5 Hidden Dangers of Energy Drinks

Energy drink hospitalizations are on the rise, but the dangerous damage could be subtler, too.

January 23, 2013

Energy drinks are sending more people to the hospital than ever.

The same pick-me-up that powers you through a boring afternoon meeting or late-night deadline could be silently setting your body up for some serious health problems. A 2013 report from the Substance Abuse and Mental Health Service Administration outlines a drastic climb in energy-drink-related emergency room visits. With cans lining gas station and grocery store coolers across the nation, these beverages have become a billion-dollar industry in the United States, and the research citing major negative health implications is starting to catch up.


Let these five health threats serve as a wake-up call:

#1 Hospital Visits
Death is the worst side effect linked to energy drinks and shots, but there's a laundry list of other health problems that could send an energy drink enthusiast to the hospital, too. The number of ER visits involving the drinks doubled from 10,000 in 2007 to more than 20,000 in 2011, according to the new report. Those most likely affected? People in the 18- to 39-year-old age range. Older folks are reaching for canned and bottled energy drinks and shots, too, much to the detriment of their health. ER visits for the 40-plus age group jumped 279 percent between 2007 and 2011.

#2 High Blood Pressure
Drinking two cans of an energy drink a day could lead to a dangerous blood pressure reading, according to research done at Henry Ford Hospital in Detroit. Doctors there found that 500 milliliters of caffeinated energy drinks a day lead to a faster heartbeat and a 10-point jump in systolic blood pressure. That might not seem like much, but if you're one of the 26 million people in the U.S. living with heart disease, it could pose a major risk.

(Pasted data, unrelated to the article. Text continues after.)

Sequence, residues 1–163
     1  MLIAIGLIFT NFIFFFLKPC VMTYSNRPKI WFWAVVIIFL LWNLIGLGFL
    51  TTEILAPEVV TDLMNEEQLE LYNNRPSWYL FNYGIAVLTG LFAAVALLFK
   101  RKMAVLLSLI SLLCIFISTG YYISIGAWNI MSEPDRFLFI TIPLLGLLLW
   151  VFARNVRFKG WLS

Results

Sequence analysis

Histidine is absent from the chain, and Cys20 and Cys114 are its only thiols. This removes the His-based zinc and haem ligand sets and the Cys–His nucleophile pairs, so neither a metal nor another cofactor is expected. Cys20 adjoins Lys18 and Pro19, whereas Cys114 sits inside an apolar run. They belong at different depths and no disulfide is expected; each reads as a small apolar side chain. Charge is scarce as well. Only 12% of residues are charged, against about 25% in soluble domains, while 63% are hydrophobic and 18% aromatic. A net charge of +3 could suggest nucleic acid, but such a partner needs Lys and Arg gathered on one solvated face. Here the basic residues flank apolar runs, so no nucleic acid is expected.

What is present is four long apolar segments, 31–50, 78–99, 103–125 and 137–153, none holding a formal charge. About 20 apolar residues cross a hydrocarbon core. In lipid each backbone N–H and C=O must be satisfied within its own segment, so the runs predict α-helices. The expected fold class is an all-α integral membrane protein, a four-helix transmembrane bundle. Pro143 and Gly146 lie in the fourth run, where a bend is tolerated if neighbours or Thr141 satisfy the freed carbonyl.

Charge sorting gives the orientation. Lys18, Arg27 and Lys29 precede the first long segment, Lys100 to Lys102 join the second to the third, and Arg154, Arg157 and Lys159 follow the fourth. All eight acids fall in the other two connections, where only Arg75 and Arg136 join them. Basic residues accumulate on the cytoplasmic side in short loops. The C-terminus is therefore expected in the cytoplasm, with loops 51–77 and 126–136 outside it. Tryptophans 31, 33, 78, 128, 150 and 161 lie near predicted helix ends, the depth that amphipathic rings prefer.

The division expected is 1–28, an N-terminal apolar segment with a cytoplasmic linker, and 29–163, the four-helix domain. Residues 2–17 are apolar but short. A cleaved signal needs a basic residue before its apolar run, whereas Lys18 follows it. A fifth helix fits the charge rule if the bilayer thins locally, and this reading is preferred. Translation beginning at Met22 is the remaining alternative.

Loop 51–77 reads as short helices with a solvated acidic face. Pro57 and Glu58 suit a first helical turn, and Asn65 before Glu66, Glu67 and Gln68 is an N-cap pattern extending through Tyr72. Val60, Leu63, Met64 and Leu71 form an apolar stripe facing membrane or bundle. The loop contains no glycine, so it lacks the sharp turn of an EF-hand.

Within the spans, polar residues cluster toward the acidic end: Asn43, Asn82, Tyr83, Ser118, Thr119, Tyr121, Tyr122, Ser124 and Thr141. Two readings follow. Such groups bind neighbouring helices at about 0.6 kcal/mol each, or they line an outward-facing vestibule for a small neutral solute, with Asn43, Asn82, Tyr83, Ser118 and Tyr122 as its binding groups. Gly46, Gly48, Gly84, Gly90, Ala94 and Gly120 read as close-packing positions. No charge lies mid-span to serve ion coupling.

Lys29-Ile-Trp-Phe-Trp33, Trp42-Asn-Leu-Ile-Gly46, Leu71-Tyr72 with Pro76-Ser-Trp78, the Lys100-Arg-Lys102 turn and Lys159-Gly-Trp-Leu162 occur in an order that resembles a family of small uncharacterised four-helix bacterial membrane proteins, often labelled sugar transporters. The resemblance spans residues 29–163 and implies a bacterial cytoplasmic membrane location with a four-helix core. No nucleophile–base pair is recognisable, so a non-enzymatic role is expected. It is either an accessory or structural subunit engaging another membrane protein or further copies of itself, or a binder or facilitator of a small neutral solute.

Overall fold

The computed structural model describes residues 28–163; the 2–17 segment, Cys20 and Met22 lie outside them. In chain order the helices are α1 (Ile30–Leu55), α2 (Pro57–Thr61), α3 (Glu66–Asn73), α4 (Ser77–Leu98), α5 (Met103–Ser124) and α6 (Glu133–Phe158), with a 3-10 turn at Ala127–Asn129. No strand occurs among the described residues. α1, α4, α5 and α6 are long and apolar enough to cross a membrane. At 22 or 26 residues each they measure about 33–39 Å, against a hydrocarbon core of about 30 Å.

#3 Heart Attack Risk
Even sugar-free energy drinks with caffeine pose a heart attack threat, according to a 2010 Australian study published in the American Journal of Medicine. Researchers found that just one drink caused blood vessels to narrow, even in healthy young adults. The possible culprit is glucuronolactone, a common sweetener in sugar-free energy drinks. Another potential ticker terror? Bisphenol A, or BPA, the chemical used to line most metal drink cans, has also been shown to trigger abnormal heart rhythms in heart cell tests in the lab.

Read More: The Best Natural Energy-Boosting Foods & Drinks

#4 Headaches
Headaches are one of the most common side effects that energy drink consumers complain of, according to the Journal of the American Pharmacists Association. Researchers peg the high caffeine and excess sugar, not the herbal blends, as the cause of the head pain attributed to consumption of the beverages. A Nutritional Journal analysis found more than 20 percent of users report headaches, with about 30 percent also suffering from jolt-and-crash episodes as a side effect. Another 20 percent experienced heart palpitations.

#5 Drunk Driving
Mixing energy drinks with alcohol creates a whole new set of problems, including the inability to gauge how drunk you really are. In one study, bar patrons who consumed an alcohol–energy drink combo were three times more likely to leave the bar plastered and four times more likely to try to drive at closing time.

Tactics for a Real Energy Boost:
• Eat a healthy breakfast every morning.
• Include lean protein with each meal and snack.
• Stand and stretch at least once every hour.
• Take a 20-minute walk several times a week. The exercise can unleash fatigue-fighting brain chemicals like norepinephrine and dopamine. Nice side effects? The walks will improve your mood and improve your sleep.

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